Speech wave visualization in SwiftUI

How to draw a wave representation of speech in SwiftUI, old Siri style.

For a personal project I needed a way to visually represent some speech audio in an iOS app. I decided to go with the old Siri wave animation, something like this.

Fresh from the 100 days of SwftUI animation lessons, I decided to implement it by myself in SwiftUI.

Single wave

The first step is to create a single wave, as a Shape. I took the code from an existing repository linked at the end of the article.

struct Wave: Shape {
/// The frequency of the sinus wave. The higher the value, the more sinus wave peaks you will have.
/// Default: 1.5
var frequency: CGFloat = 1.5

/// The lines are joined stepwise, the more dense you draw, the more CPU power is used.
/// Default: 1
var density: CGFloat = 1.0

/// The phase shift that will be applied
var phase: CGFloat

/// The normed ampllitude of this wave, between 0 and 1.
var normedAmplitude: CGFloat

func path(in rect: CGRect) -> Path {
var path = Path()
let maxAmplitude = rect.height / 2.0
let mid = rect.width / 2

for x in Swift.stride(from:0, to: rect.width + self.density, by: self.density) {
// Parabolic scaling
let scaling = -pow(1 / mid * (x - mid), 2) + 1
let y = scaling * maxAmplitude * normedAmplitude * sin(CGFloat(2 * Double.pi) * self.frequency * (x / rect.width)  + self.phase) + rect.height / 2
if x == 0 {
path.move(to: CGPoint(x:x, y:y))
} else {
}
}

return path
}
}

struct ContentView: View {
var body: some View {
VStack {
Spacer()
Wave(phase: 1.5, normedAmplitude: 0.8)
.stroke(Color.green)
.frame(height: 300)
Spacer()
}
.background(Color.black)
.edgesIgnoringSafeArea(.all)
}
}

What is happening in the path method is pure math, partially explained here. It is important to note the two main property we are going to change in our animation. The normedAmplitude, which is the amplitude of the audio, normalized between 0 and 1, and the phase, which will shift the wave along the y axis.

The result of the code above is: Multi wave

Now we want to combine some single waves into a snapshot of the full animation.

struct MultiWave: View {
var amplitude: CGFloat = 1.0
var color: Color = Color.green
var phase: CGFloat = 0.0

var body: some View {
ZStack {
ForEach((0...4), id: \.self) { count in
singleWave(count: count)
}
}
}

func singleWave(count: Int) -> some View {
let progress = 1.0 - CGFloat(count) / CGFloat(5)
let normedAmplitude = (1.5 * progress - 0.8) * self.amplitude
let alphaComponent = min(1.0, (progress/3.0*2.0) + (1.0/3.0))

return Wave(phase: phase, normedAmplitude: normedAmplitude)
.stroke(color.opacity(Double(alphaComponent)), lineWidth: 1.5 / CGFloat(count + 1))
}

}

struct ContentView: View {
var body: some View {
VStack {
Spacer()
MultiWave(amplitude: 0.8, color: .green, phase: 0.0)
.frame(height: 500)
Spacer()
}
.background(Color.black)
.edgesIgnoringSafeArea(.all)
}
}

The code above creates 5 waves, the amplitude of each of them descreasing while also the line width decreases. It’s time to animate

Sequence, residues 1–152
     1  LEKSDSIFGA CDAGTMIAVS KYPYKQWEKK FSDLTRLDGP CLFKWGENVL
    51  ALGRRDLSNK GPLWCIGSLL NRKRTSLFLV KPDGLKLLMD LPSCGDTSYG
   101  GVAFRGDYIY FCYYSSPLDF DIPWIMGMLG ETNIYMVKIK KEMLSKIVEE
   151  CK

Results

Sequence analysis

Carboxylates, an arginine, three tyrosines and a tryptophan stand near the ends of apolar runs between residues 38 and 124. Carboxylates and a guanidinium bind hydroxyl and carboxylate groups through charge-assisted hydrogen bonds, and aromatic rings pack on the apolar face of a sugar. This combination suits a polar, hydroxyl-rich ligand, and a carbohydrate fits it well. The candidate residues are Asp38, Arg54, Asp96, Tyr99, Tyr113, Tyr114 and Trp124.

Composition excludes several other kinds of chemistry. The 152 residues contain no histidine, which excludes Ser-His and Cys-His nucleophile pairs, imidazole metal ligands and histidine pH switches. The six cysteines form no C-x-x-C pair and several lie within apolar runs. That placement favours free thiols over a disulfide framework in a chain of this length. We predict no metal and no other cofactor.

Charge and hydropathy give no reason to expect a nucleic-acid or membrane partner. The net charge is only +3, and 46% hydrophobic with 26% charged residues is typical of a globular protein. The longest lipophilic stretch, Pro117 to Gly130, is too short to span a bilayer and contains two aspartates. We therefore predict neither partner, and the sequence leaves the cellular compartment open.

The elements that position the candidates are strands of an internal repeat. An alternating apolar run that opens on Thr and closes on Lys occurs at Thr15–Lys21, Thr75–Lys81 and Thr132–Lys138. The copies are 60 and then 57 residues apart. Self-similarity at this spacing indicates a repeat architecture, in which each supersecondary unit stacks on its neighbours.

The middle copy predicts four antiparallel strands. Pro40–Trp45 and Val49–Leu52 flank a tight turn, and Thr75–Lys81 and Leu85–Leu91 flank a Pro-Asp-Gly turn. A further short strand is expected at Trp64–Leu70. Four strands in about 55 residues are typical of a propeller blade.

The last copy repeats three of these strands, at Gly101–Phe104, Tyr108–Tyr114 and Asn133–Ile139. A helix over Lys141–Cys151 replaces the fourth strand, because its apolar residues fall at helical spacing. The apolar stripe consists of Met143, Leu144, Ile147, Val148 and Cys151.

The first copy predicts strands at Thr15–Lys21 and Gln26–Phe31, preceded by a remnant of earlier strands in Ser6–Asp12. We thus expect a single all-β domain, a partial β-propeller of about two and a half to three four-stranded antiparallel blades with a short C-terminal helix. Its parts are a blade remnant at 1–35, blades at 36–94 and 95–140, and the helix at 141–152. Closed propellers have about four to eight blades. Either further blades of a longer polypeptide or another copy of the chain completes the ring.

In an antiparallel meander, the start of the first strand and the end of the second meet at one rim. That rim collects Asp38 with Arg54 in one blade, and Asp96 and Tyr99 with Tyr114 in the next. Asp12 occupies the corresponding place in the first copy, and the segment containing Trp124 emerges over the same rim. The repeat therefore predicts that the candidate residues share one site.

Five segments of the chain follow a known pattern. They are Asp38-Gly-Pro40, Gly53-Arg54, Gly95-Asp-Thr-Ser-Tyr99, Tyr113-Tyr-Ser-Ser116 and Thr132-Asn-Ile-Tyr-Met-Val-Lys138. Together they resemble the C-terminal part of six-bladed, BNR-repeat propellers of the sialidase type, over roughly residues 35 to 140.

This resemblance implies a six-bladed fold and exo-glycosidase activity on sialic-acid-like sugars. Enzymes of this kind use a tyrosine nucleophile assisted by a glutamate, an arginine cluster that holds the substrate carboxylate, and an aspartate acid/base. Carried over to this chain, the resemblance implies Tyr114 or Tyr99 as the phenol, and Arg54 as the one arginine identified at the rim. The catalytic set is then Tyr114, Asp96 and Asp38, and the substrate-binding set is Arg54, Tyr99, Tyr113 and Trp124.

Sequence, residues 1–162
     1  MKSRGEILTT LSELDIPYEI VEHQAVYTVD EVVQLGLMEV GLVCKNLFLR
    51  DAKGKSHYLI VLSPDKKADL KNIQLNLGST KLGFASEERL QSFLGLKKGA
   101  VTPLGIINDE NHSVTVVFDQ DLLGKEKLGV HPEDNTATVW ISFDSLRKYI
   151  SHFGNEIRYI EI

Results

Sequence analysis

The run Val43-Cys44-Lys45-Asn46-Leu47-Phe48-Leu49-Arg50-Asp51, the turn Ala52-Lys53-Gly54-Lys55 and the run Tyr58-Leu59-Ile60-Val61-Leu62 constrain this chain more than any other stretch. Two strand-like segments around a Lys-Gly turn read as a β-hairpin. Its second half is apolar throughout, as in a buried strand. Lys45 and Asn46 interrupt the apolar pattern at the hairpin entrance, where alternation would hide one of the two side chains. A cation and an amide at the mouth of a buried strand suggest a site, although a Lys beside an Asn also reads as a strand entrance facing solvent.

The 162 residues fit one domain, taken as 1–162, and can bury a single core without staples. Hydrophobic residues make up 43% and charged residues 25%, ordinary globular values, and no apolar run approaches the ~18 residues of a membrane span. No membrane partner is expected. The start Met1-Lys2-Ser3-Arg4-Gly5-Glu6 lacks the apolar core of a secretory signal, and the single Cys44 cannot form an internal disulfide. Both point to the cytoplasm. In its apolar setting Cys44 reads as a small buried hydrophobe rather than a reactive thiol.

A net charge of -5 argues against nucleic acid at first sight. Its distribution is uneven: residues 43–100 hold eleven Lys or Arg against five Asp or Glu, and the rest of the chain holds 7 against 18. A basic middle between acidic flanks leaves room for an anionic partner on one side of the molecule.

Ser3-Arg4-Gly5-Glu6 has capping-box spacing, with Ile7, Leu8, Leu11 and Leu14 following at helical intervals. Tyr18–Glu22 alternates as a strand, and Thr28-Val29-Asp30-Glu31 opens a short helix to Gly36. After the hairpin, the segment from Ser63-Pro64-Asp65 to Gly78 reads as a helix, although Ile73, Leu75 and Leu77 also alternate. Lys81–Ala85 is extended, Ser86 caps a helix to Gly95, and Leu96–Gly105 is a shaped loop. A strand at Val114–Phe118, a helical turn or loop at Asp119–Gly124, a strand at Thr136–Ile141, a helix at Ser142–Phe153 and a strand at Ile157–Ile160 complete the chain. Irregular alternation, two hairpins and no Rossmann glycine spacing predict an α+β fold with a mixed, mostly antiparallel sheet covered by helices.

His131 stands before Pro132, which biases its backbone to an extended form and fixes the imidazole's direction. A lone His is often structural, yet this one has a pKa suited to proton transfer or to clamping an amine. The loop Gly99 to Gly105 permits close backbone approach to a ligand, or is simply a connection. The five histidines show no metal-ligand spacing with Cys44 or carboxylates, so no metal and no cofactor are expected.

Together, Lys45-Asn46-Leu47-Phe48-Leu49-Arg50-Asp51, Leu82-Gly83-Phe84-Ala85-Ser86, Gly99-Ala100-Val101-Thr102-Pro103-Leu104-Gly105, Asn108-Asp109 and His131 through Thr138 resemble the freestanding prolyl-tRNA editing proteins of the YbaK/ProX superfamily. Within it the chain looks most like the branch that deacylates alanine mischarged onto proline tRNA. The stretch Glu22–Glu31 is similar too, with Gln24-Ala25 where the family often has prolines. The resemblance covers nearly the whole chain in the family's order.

We start adding the animation in the content view:

struct ContentView: View {
@State private var amplitude: CGFloat = 0.8
@State private var phase: CGFloat = 0.0

var body: some View {
VStack {
Spacer()
MultiWave(amplitude: amplitude, color: .green, phase: phase)
.frame(height: 500)
.onAppear {
withAnimation(Animation.linear(duration: 0.1)
.repeatForever(autoreverses: false)
) {
self.amplitude = 0.5
self.phase -= 1.5
}
}
Spacer()
}
.background(Color.black)
.edgesIgnoringSafeArea(.all)
}
}

Bacause Wave is a shape, we need to us an AnimatablePair to get the amplitude and phase to animate:

public var animatableData: AnimatablePair<CGFloat, CGFloat> {
get {
AnimatablePair(normedAmplitude, phase)
}

set {
self.normedAmplitude = newValue.first
self.phase = newValue.second
}
} Great. It works. Now we want to show it in a prettier way. We need to trigger an animation when a previous animation is completed. We will use some code from Antoine van der Lee and use it in our content view.

struct ContentView: View {
@State private var amplitude: CGFloat = 0.8
@State private var phase: CGFloat = 0.0
@State private var change: CGFloat = 0.1

var body: some View {
VStack {
Spacer()
MultiWave(amplitude: amplitude, color: .green, phase: phase)
.frame(height: 500)
.onAppear {
withAnimation(Animation.linear(duration: 0.1)
.repeatForever(autoreverses: false)
) {
self.amplitude = _nextAmplitude()
self.phase -= 1.5
}
}
.onAnimationCompleted(for: amplitude) {
withAnimation(.linear(duration: 0.1)){
self.amplitude = _nextAmplitude()
self.phase -= 1.5
}
}
Spacer()
}
.background(Color.black)
.edgesIgnoringSafeArea(.all)
}

private func _nextAmplitude() -> CGFloat {
// If the amplitude is too low or too high, cap it and go in the other direction.
if self.amplitude <= 0.01 {
self.change = 0.1
return 0.02
} else if self.amplitude > 0.9 {
self.change = -0.1
return 0.9
}

// Simply set the amplitude to whatever you need and the view will update itself.
let newAmplitude = self.amplitude + (self.change * CGFloat.random(in: 0.3...0.8))
return max(0.01, newAmplitude)
}
}

We animate the wave to a new “initial” amplitude and phase the wave a bit. Then, when the animation is completed, we get a new, random, amplitude and animate again. The math is taken from a library that does the same thing with UIKit.

The code is on a repository in GitHub:

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